Smaller managers who came to the DCIO game late have also been stymied by the growing use of target-date funds since the passage of the Pension Protection Act of 2006, which defined them as a qualified default investment alternative.

“The market share of target dates within DC is expected to continue its growth trend (from 5 percent of all DC mutual fund assets in 2007 to 12 percent in 2012) as more plan sponsors turn to the strategy as a QDIA,” Strategic Insight said in a recent report.  “Across distribution channels, target-date mutual funds are projected to grow to $1.2 trillion over the next five years, more than twice the June 2013 assets of $534 billion.

In other words, if a manager doesn’t carry the same TDF products as companies like Fidelity and T. Rowe Price do, they may lose out on those DC assets, explains Brown.

“Re-enrollment hurts too. It’s not just new employees, but they are coming back to some companies and saying we’ve changed the menu so we should re-enroll all of your participants. So they get a lot of them to re-enroll in TDFs. If you had 100 percent opportunity to get DC assets before, now you have just 60 percent up for grabs. The rest are in proprietary target-date funds,” he said.

Still, with the DCIO market growing, what can managers who want a piece of the pie do?

“You have to have dedicated staff that is highly familiar with the market,” said Rick Meigs, the founder and president of Portland, Oregon-based “You have to focus on the key platforms and top-producing retirement advisors. Those are crucial, especially RIAs. RIAs and consultants are the ones that are really driving this and are the gatekeepers. So you have to focus on them.”

Brown agrees that strong relationships are essential and offers a few other tips. “One is to cut expenses.  Cut back on some of the field resources and leverage other sales forces, retail and institutional. Maybe restructure compensation, and instead of having six specialists have three that will go after sales and follow up.”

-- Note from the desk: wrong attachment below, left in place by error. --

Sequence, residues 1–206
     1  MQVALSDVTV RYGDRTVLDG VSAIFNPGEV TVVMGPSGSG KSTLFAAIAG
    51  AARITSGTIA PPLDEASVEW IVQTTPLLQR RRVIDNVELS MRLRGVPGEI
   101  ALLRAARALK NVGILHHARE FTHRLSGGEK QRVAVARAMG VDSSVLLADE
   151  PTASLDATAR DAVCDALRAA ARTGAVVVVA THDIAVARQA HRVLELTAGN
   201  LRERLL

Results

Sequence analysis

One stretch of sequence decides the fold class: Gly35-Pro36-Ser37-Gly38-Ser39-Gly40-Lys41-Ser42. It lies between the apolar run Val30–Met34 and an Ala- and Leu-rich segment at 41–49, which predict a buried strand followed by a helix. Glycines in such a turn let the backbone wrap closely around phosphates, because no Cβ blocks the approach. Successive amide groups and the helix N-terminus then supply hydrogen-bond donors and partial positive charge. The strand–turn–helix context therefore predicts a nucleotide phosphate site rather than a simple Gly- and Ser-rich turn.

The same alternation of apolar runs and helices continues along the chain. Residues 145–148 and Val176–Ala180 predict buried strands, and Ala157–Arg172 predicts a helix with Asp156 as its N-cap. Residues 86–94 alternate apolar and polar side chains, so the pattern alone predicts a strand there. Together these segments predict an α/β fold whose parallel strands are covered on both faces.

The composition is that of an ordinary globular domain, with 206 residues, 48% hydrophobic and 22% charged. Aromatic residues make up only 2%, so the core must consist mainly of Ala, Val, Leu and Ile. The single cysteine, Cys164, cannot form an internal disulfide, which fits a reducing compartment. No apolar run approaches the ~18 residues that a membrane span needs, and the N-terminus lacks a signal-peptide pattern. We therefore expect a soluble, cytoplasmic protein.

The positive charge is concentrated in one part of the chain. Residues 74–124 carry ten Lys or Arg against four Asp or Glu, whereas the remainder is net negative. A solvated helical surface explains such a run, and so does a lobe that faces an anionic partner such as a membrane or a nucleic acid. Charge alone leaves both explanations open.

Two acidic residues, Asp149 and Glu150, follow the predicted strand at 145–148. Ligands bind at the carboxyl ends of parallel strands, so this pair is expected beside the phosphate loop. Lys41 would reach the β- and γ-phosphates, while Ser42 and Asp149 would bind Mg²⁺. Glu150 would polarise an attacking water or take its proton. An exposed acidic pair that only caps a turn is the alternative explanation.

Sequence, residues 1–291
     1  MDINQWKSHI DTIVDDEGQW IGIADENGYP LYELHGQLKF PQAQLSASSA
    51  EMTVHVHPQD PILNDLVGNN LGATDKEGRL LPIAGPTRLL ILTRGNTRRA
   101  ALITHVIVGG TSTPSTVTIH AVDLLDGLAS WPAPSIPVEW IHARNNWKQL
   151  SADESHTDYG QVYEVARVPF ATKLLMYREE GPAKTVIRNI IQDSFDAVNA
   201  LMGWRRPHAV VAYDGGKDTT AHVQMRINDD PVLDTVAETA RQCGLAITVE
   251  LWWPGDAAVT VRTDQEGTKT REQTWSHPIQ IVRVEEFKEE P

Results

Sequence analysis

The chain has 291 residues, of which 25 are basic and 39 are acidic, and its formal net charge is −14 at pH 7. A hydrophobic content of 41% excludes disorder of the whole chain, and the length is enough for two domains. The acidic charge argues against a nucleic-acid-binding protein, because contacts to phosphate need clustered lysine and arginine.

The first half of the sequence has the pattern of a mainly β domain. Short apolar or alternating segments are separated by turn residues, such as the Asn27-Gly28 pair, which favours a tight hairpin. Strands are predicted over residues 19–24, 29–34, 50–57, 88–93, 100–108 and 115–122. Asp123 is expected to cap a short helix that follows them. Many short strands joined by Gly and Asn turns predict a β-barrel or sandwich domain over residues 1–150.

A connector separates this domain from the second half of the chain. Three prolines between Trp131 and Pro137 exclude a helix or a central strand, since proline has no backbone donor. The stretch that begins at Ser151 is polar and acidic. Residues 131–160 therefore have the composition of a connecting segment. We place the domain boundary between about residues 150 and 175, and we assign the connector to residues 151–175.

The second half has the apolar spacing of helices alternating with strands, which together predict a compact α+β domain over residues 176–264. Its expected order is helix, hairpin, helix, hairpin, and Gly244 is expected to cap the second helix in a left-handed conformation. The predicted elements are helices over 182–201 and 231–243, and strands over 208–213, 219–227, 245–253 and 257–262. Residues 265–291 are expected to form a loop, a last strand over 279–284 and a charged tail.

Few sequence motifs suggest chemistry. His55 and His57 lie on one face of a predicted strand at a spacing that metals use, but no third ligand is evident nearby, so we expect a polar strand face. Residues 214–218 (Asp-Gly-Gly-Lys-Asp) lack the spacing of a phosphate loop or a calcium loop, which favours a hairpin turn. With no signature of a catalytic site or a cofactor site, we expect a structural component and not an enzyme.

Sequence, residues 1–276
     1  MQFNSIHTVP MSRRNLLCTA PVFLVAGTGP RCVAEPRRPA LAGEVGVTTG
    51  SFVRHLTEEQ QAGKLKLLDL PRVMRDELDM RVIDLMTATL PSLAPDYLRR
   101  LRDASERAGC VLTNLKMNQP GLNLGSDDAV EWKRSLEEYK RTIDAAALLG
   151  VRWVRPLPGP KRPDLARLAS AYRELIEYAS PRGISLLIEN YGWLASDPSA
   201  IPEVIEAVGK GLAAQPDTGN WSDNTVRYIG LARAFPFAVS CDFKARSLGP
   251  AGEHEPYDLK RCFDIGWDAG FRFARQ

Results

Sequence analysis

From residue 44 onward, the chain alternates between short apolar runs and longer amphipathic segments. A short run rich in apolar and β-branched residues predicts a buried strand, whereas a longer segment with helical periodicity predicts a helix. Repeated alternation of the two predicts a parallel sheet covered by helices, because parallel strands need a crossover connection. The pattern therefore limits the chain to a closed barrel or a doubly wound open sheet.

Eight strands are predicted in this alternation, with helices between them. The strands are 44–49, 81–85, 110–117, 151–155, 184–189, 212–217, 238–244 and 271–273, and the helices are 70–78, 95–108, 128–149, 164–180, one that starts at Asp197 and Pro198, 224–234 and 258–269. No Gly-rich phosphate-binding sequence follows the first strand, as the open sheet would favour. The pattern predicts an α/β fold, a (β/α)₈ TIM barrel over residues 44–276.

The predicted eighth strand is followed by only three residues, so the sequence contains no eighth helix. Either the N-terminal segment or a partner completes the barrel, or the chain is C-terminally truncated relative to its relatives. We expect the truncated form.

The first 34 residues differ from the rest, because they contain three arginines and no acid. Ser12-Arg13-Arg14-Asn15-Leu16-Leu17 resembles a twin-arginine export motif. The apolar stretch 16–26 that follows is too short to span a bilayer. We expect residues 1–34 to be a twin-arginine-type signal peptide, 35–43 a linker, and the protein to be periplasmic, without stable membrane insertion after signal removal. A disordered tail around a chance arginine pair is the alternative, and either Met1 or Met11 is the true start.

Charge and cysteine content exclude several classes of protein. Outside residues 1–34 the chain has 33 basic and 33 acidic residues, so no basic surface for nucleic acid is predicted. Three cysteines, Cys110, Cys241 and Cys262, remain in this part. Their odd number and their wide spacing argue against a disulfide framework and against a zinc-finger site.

He also suggests focusing those resources on smaller groups of advisors and record keepers. “Maybe go after 10 instead of 30, or six instead of 10. And try to get on to the preferred list.”

Indeed, in 2012 Hearts & Wallets conducted a survey of gatekeepers who managed mutual fund companies for 401(k) platforms. The results showed that the average number of managers on the platform was 188 but just 11 were on the preferred list, getting the bulk of the flows.

“They were getting 57 percent of the sales, so the other 109 are fighting for the other 43 percent. And maybe 30 percent of that goes into TDFs, so it’s even tighter,” Brown said.

Finally, he recommends trying to roll out new value-added programs. “Figure out what else they guys need. Look at practice management and trying to help them manage their offices and hope that earns good will.”

Above all, said Meigs, managers should persevere as the DCIO market continues to mature. “Further down the line, more plan sponsors, medium and smaller sponsors, will take another look at their investment menus, which means more opportunity.  It will continue to grow and attract more players.”